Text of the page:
But it’s in the humour where this play will really win you over, and despite the occasional bit of over exuberance; the comedy is done with real flair.

Leading the way is television star Mel Giedroyc, who will soon begin rehearsal to join Broadway star Patti Lupone in the West Production of Company. And Mel shows her mettle with this performance, with perfect comedy timing and a good grasp of the character of Beatrice. She is well matched by John Hopkins as Benedick, whose clowning is excellent. But this is very much an ensemble production and from the dastardly Don all the way down to the lowly musicians every inch is wonderfully thought out.

Special mention must also go to designer Naomi Dawson, whose multi-layered set is awe-inspiring.

For Shakespeare lovers and theatre beginners, this is a production that’s a must see.

Much Ado About Nothing will run at the Rose Theatre Kingston until 6 May 2018

REVIEW: ‘A truly beautiful piece of theatre’ ★★★★★ Brief Encounter

When you watch the classic black and white film version of Brief Encounter you are struck by the simplicity. There are no modern effects or over complicated plots just a solid story great characters and a fabulous soundtrack.

And in adapting the movie for the stage Emma Rice has managed to perfectly capture that beautiful simplicity, with a breath-taking and visually stunning production.

The show has enjoyed successful runs in Birmingham and Salford, but now comes to London and has found the perfect home at the Empire Cinema Haymarket. The adaptation marries the 1936 play Still Life and the 1946 film, so a cinema feels like its perfect home. And as an added bonus, the seats are much more comfy than at many of the traditional old West End theatres.

And Rice’s meticulous attention to detail with this production will leave you on the edge of seat throughout. Every ounce of heartbreak and comedy are worked through to their maximum potential, with the tiniest little element pounced upon.

And the ingenious mixture of projection by Jon Driscoll and set by Neil Murray frame this ensemble piece with a clean, fresh and yet impressive backdrop allowing for some visually stunning set pieces.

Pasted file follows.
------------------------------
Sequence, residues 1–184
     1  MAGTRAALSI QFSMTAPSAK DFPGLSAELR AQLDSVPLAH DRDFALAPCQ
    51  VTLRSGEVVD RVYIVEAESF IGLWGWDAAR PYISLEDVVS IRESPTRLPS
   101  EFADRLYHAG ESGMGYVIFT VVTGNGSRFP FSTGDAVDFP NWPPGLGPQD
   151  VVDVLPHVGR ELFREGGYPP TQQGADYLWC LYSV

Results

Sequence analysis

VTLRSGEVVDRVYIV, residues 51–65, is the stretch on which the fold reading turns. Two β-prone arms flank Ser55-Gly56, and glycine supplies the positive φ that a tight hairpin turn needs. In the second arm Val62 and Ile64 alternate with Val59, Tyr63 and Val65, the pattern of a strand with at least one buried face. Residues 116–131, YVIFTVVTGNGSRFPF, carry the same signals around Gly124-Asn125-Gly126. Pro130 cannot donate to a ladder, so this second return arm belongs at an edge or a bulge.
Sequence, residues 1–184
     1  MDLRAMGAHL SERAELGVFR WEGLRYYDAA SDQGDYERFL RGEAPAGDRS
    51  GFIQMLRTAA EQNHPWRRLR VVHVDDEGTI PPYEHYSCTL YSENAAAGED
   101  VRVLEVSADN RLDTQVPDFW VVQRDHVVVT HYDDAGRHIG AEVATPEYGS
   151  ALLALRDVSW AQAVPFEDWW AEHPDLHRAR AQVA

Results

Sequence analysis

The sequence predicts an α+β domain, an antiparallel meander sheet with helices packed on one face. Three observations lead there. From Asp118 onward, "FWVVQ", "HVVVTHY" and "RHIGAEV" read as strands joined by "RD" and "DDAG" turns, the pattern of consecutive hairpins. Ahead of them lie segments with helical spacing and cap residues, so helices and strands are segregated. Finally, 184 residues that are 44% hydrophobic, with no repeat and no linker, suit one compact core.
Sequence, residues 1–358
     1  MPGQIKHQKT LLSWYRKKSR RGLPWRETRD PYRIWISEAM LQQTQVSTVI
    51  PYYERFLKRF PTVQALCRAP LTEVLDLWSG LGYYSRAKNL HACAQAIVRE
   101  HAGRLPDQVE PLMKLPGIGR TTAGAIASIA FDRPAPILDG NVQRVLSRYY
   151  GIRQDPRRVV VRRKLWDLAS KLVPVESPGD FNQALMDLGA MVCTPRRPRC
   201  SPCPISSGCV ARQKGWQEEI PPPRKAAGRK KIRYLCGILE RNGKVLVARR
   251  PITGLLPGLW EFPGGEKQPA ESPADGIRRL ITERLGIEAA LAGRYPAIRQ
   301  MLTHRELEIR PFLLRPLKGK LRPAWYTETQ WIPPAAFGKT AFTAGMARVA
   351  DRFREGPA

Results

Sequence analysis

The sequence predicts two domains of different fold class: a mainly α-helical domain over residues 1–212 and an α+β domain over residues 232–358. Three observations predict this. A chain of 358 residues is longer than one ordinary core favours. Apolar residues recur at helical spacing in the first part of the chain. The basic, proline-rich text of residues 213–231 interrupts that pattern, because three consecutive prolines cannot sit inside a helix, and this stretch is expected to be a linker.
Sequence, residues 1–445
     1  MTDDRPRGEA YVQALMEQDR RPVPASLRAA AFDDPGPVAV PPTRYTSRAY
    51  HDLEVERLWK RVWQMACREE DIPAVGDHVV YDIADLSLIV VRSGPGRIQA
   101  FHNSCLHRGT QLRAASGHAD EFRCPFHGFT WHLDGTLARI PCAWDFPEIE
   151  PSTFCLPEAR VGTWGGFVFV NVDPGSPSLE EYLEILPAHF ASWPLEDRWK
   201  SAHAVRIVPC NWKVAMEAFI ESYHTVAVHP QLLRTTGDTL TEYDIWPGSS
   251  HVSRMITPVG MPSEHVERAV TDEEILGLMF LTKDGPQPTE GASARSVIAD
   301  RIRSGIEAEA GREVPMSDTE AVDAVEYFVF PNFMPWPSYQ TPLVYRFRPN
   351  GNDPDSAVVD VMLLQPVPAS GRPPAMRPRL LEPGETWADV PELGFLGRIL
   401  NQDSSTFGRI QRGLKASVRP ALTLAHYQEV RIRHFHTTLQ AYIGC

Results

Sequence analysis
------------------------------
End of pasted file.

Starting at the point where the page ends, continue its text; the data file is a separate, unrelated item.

The story revolves around a couple (played by Isabel Pollen and Jim Sturgeon) who after a chance meeting realise they have fallen in love and begin a torrid affair.

But quite apart from the love story at the centre of the action, there are an abundance of incidental characters that take on a huge part, with the station staff becoming the stars of the show. Beverley Rudd’s blousy cafe owner and Dean Nolan’s stationmaster make a handsome pairing as do the young whippersnappers Lucy Thackeray and Jos Slovick. But the real genius is the fact that they also all multi role with lightning quick changes and provide most of the music too; a mixed soundtrack of classic love songs.

The clipped English accents of the lead characters and stiff upper lips are very of their time, but they actually add to the affectionate pastiche of the performances.

All in all Brief Encounter is a truly beautiful piece of theatre and a definite recommendation.

Brief Encounter is running at the Empire Cinema, Haymarket until 2 September. 

Photo by Steve Tanner.

good girl

REVIEW: ‘An outstanding piece of observational theatre’ ★★★★★ Good Girl, Trafalgar Studios

The funniest standup routines always feature material, which is relatable. There’s something very comforting about laughing at mutual misfortune after the event. The shared suffering evokes a strange kind of empathy, which is extremely satisfying.

And Naomi Sheldon has managed to completely capture this feeling in her one-woman show at Trafalgar Studios. Good Girl isn’t a standup routine, but more an amusing collection of anecdotes put into a one-act theatrical production. But for anyone who didn’t necessarily tread the conventional path as a teenager, the stories Sheldon depicts will provoke a fond and, at times, uncomfortable retrospect.

It’s a very genuine and earnest narration of a girl, who has often struggled to vocalize her frustrations and confusions about the adult world and as Sheldon is both the writer and performer, it is very brave to showcase some of the confessional material.

But what Sheldon perfectly portrays is the comedy and tragedy of everyday life. I’m sure most of us are able to look back on our teenage years and laugh at some of the woeful decisions we made. And judging how bad you’re feeling based on how much ABBA it takes to cheer you up is something I’m totally down with.